MERIDEN — The Board of Education is scheduled to meet in person for the first time Tuesday at a special meeting where members will practice the same social distancing and mask wearing protocols expected from students and teachers this fall.
Since Gov. Ned Lamont declared a state of emergency in March in response to the coronavirus pandemic, many school boards quickly adapted to a new format: meeting through online video platforms to conduct monthly business. But now, Meriden is looking to get back together — while sitting at least six feet apart.
“We are asking our students and staff to return to school in person, and we need to lead by example,” said Board of Education President Robert Kosienski Jr.
Board members and administrators will utilize safety precautions like hand sanitizing, masks and social distancing, they said. It was unclear Friday if other school districts have begun in-person meetings.
“(Kosienski) has given folks the opportunity to participate in person or virtually,” said School Superintendent Mark Benigni. “ Students have been invited to attend the meeting, but the decision to attend will be entirely up to them, as some Board of Ed members will be participating virtually, while they are out of state on vacation.”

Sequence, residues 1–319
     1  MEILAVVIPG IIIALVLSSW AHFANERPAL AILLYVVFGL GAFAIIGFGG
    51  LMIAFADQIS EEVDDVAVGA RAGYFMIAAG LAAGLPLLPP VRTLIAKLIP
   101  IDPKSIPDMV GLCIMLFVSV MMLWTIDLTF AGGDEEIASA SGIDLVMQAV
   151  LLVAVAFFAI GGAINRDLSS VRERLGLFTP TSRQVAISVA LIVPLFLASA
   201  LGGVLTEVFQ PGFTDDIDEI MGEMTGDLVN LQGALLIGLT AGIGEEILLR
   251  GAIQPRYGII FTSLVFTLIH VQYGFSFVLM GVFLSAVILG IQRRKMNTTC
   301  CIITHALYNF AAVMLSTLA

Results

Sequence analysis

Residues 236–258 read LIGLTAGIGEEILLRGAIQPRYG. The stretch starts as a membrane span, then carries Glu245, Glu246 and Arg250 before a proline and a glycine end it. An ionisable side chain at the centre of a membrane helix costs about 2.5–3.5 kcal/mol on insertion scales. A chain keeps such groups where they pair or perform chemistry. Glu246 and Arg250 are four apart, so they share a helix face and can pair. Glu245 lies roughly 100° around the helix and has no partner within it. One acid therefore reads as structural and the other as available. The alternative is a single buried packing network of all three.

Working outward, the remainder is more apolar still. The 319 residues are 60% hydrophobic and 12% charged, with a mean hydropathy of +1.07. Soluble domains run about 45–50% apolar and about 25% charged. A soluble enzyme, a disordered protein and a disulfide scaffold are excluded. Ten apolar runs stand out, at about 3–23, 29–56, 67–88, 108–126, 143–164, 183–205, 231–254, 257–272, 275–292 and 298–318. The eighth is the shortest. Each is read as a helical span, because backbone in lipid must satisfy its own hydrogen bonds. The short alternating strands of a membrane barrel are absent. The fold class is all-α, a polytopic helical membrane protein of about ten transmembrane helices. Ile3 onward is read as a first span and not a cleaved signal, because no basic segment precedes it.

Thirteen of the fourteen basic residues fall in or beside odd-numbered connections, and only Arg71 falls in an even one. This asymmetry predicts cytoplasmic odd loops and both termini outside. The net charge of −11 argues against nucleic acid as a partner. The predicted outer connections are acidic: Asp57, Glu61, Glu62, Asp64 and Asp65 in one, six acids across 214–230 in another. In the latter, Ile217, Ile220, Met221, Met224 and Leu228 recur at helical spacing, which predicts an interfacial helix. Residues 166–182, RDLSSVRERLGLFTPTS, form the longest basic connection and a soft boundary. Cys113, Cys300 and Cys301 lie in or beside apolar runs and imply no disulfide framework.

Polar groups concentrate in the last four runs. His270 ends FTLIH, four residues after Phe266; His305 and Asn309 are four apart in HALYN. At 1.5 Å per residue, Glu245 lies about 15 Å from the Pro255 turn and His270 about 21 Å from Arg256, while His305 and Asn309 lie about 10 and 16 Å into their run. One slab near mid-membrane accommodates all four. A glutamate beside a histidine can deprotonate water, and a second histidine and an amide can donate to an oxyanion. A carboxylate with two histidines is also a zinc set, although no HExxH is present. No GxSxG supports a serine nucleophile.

Lauren Mancini-Averitt, president of the Meriden Federation of Teachers union, applauded the board’s action.
“We look forward to sharing the safety protocols put in place,” said Mancini-Averitt. “By BOE meetings set to be in person, it models how social distancing can work. It would be hypocritical to ask teachers and students to do something that BOE members cannot achieve. Meriden Public Schools has worked collaboratively with all unions to ensure a plan that considers the safety of all staff and students.”
The school board is expected to discuss the school system‘s reopening plan especially in light of changing guidance from the state Department of Education that gives school boards more flexibility on setting protocols. The guidance change also means the official school opening could be pushed back from Aug. 31 in Meriden to Sept. 9 to allow schools more time to prepare.
Also under consideration are changes in the way students will be grouped together. City educators are looking at cohorting middle schoolers similar to the way elementary school students are grouped; the same class of students will remain together throughout the day. A variety of hybrid options will be explored and discussed for high school students.
The 6 p.m. meeting will also be shared on Google meet: meet.google.com/qba-tigf-hex
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